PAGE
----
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Old 08-02-2010, 10:51   #1
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Steering Off the Wind with TP32 Tiller Pilot

We currently have a Simard TP32 Tillerpilot, and no wind instrument. The unit documentation states that if you have both wind and water speed input, you can use the TP to steer relative to the wind.

Has anyone ever used this, and if so how did it work In comparison to a wind vane?

Here is the bigger question, and background. I have a Sailomat 3040 windvane that needs refurbishment. This is a unit that uses an auxiliary rudder. The entire mechanism is heavy, about 60lbs. More with mounts that need to be made. After mounting the arch and solar panels, we are concerned about adding more weight to the rear of the boat. The Fulmar has some good buoyancy in the rear, but all of the water (36gal) and fuel (24gal) is behind the engine. There is also a currently unused system of THREE extra fuel tanks back there, 11,11 and 12 gallons with a transfer/polishing system, that the original owner installed for a Caribbean cruise. We will be adding some more water storage, either in the bow, or under the settees.

So, what to do, what to do. Add wind vane, and try to use the tiller pilot to wind steer? Install the Sailomat and remove one of the tanks (needed to remove at least to install) saving a bit of weight, or remove all three tanks, transfer system and hoses, saving perhaps 40lbs?

Other facts:

Our engine uses ~1/3 of a gallon an hour. at this rate, 24 gallons = 73 hours of motoring.

We are looking at cruising the east coast, Bahamas, and Caribbean. I think the Sailomat would be only really useful in the Carribean and beyond, if we ever get to beyond.

Since we have an unprotected spade rudder, the Sailomat would add an emergency rudder.

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Old 08-02-2010, 12:35   #2
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Downwind sailing to the apparent wind with an autopilot is often not very good with a boat that has good acceleration and can surf some. The apparent wind direction changes so much down wind as the boat speed changes it can have the AP searching all over the place. You might be better off just running to a compass course downwind with the AP, and adjust direction as needed.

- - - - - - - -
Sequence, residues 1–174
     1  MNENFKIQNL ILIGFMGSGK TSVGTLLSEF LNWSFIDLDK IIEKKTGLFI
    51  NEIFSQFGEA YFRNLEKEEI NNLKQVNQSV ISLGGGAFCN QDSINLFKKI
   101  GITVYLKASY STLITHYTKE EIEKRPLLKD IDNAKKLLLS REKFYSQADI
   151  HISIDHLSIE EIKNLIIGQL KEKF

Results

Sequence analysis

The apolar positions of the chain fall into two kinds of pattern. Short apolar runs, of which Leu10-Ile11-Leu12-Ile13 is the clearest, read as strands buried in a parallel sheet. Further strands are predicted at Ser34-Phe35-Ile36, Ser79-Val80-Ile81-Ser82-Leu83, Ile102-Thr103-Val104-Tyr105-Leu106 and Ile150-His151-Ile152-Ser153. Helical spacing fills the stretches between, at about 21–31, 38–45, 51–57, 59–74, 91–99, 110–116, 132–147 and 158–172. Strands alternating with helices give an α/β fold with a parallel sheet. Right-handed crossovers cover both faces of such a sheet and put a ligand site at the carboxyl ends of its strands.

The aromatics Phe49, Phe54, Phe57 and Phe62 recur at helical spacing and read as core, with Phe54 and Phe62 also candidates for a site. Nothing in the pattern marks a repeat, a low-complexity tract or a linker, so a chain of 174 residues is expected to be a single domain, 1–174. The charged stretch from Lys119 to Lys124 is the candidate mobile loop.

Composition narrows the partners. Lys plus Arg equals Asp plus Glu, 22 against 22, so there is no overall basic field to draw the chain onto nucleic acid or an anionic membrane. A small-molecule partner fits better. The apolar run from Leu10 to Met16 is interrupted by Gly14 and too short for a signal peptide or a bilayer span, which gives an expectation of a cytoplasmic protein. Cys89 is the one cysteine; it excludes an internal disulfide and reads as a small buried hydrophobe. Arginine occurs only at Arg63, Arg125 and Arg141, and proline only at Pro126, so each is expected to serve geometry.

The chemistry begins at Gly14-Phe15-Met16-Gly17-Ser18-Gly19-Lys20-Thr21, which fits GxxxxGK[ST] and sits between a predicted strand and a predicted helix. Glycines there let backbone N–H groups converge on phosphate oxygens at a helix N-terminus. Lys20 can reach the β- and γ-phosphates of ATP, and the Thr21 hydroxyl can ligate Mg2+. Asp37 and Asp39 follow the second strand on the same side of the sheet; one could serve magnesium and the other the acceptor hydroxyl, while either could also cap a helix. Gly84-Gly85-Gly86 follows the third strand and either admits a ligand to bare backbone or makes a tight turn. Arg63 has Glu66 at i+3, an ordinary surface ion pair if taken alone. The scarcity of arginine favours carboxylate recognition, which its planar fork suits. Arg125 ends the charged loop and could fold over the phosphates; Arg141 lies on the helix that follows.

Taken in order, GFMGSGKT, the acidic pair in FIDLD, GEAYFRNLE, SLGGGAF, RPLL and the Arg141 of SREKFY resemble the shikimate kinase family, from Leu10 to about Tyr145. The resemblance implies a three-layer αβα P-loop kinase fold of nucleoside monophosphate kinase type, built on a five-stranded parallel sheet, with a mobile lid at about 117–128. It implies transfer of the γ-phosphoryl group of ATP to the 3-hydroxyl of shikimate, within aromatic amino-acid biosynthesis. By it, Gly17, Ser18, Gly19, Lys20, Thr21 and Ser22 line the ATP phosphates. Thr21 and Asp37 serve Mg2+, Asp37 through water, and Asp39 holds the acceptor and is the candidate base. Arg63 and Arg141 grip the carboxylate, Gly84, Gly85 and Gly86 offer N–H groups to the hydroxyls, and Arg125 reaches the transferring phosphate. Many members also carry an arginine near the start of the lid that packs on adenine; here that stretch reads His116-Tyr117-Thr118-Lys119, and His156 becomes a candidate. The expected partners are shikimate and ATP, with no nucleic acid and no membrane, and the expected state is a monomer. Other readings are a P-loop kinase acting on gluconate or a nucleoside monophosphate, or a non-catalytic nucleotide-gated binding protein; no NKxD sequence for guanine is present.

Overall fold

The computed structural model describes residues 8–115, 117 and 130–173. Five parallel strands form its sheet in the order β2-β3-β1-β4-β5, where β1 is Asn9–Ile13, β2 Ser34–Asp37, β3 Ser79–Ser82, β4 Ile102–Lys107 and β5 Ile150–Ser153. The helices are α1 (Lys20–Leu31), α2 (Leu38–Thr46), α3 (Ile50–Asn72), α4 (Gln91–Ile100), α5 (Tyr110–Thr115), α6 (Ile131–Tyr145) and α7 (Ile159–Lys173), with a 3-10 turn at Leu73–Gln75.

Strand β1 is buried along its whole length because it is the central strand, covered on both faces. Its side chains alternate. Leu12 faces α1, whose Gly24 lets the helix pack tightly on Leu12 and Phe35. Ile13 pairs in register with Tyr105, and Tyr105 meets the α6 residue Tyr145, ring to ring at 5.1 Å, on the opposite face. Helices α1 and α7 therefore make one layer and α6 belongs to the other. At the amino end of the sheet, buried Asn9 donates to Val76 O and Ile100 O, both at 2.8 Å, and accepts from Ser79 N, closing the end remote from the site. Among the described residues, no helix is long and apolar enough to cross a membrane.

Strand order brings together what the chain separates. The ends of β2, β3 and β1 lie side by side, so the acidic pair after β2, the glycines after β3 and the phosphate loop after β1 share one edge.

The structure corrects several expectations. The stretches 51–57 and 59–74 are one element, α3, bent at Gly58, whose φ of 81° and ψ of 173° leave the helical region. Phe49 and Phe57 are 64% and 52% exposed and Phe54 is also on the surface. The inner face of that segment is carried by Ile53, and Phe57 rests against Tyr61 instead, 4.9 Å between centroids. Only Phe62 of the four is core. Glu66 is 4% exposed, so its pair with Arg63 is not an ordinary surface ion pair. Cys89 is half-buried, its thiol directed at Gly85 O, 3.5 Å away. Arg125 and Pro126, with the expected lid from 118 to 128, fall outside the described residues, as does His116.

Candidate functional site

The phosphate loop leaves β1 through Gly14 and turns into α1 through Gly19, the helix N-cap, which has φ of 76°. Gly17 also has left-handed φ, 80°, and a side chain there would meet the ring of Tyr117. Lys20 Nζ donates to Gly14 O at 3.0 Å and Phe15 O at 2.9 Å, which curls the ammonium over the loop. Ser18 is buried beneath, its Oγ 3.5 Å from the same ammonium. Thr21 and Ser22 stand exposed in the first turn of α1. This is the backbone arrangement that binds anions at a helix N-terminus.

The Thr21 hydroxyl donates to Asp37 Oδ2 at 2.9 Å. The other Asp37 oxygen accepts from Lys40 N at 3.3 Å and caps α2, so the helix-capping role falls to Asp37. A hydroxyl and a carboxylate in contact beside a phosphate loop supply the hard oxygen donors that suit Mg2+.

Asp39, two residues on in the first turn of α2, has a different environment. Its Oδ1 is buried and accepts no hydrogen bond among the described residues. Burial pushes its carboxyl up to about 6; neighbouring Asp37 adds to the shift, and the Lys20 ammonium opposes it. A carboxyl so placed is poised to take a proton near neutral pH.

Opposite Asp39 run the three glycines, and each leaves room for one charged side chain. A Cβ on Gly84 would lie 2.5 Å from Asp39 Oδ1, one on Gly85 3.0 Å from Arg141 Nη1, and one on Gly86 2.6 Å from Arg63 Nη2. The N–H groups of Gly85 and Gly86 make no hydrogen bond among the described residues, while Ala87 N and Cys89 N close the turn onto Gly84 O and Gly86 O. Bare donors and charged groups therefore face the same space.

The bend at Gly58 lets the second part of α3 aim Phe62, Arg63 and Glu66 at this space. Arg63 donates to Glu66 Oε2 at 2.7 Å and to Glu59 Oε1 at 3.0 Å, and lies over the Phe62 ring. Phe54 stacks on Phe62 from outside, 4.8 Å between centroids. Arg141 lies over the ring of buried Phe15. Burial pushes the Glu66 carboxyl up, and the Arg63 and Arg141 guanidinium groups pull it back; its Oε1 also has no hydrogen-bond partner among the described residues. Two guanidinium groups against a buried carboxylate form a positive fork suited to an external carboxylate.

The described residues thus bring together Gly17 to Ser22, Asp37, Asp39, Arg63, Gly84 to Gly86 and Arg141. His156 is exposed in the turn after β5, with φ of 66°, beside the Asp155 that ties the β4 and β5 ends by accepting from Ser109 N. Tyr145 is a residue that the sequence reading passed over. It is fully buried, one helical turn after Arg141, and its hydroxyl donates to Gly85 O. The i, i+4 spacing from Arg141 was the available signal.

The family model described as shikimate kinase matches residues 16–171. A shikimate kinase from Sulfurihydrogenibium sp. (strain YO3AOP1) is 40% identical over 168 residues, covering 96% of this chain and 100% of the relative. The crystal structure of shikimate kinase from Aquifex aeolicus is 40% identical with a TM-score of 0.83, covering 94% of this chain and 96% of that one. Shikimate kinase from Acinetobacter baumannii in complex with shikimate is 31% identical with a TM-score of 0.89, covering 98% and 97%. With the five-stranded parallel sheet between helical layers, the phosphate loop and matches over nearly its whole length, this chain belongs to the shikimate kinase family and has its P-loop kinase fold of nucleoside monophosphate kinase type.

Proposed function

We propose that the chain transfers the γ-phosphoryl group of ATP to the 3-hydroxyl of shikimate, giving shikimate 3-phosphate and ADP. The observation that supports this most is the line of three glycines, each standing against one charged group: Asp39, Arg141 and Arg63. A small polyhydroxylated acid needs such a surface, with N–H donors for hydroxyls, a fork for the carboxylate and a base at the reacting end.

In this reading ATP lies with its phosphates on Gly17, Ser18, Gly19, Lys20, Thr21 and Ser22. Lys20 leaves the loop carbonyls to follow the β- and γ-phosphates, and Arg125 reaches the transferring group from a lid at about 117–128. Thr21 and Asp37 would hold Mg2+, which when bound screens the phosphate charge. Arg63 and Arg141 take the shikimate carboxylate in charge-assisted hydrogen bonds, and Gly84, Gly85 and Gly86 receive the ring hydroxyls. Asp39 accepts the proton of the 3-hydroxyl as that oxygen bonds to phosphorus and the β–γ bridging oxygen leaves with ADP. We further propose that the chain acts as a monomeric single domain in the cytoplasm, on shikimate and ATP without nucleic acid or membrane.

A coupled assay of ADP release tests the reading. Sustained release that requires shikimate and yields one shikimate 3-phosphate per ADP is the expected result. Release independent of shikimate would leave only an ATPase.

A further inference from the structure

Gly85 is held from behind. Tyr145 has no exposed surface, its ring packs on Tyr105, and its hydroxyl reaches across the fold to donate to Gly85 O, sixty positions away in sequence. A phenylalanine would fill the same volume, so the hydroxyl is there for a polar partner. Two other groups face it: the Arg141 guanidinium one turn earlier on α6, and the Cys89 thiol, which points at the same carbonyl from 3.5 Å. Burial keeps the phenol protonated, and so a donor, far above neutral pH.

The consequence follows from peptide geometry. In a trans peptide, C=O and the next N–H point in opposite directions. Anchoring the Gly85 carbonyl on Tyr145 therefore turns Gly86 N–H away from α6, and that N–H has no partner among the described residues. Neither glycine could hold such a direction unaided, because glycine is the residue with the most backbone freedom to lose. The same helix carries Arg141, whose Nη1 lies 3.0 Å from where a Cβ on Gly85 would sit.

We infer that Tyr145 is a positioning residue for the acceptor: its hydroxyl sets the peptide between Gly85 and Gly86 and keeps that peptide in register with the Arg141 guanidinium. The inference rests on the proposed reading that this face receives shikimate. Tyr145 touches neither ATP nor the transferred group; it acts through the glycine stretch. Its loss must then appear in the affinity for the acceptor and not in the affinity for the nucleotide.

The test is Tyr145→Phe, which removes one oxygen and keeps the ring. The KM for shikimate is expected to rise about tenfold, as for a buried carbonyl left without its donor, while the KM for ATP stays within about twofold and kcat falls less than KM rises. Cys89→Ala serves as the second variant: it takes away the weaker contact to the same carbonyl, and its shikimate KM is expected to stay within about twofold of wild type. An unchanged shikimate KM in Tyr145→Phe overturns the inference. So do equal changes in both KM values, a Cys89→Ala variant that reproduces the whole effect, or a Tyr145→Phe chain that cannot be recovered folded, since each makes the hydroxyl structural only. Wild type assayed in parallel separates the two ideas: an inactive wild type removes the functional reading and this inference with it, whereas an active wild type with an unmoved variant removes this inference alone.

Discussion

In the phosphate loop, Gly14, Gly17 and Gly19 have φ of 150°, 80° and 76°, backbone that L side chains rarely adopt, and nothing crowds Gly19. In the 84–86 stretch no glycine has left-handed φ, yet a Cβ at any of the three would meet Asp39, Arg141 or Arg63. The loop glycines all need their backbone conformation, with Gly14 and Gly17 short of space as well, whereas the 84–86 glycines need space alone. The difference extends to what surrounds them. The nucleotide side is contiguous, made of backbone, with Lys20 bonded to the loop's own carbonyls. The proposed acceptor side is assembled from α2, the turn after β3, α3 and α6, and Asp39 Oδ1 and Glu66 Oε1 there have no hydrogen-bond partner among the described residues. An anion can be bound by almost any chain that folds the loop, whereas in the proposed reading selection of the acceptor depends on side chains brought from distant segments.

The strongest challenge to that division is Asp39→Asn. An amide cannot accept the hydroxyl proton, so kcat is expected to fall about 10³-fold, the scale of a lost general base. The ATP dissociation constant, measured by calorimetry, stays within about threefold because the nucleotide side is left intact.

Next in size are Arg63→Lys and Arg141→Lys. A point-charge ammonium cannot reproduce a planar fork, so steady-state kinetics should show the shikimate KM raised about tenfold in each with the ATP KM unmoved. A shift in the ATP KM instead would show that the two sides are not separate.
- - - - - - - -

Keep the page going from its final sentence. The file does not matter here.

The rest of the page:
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Old 08-02-2010, 15:16   #3
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Thanks for the input. Any more you can say about how this type of setup might perform on other points of sail? in various sea states?
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Old 08-02-2010, 15:34   #4
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G'Day Chris,

A couple of points:
All autopilots are subject to failure, both electronic and electro-mechanical. Above deck units like your tillerpilot are especially vulnerable. If you anticipate making voyages of even a few days duration, depending on such a unit is risky. I can attest to the awkwardness of this, since we foolishly made our first bluewater passage (SF to Hawaii) with only an Autohelm 2000 tillerpilot on our Yankee-30 sloop. Two days out of Hanelei Bay on the return trip it died. faced with about 2200 miles of hadn steering, I cobbered up a sheet to tiller rig which got us home, albeit somewhat slower and less directly than planned!. I would REALLY have liked to have a windvane at that time!

Secondly, even if your tiller pilot was hooked up for wind-angle steering, they are typically neither powerful nor quick enough to cope with quartering seas and stiff winds. The sailomat would likely do a much better job. On our previous boat (a retired IOR one-tonner) a home built auxillary rudder type vane steered us for many thousands of miles across and around the Pacific. While it was a bit erratic when surfing, it never got us into trouble... just had a few too many waggles in the wake!.

And as Paul says above, when sailing downwind with an a/p, one usually steers a compass course, not a wind angle course. The wind angle a/p is used to windward. We now have a belowdeck NavMan a/p on Insatiable II and (sadly) no windvane. We do use it in windangle mode upwind... not nearly as good as a windvane, but our best option at this time.

So, for me it would be a no-brainer: keep the Sailomat. I doubt if the weight will make a perceptable difference in performance.


Jim and Ann s/v Insatiable II lying Broken Bay, NSW, Oza
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Old 08-02-2010, 16:28   #5
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Another argument for installing the wind vane is that they can often steer better than tiller pilots when winds increase. So you get the redundancy needed offshore, plus options across a range of wind strengths, directions & sea states. Don't know the Sailomat, but wind vane systems are often fixable when a TP will 'remain dead'. And as you say, you also get emergency steering thrown in. Looks good to me!

FWIW, I agree the weight shouldn't worry a cruiser with a fairly broad stern.
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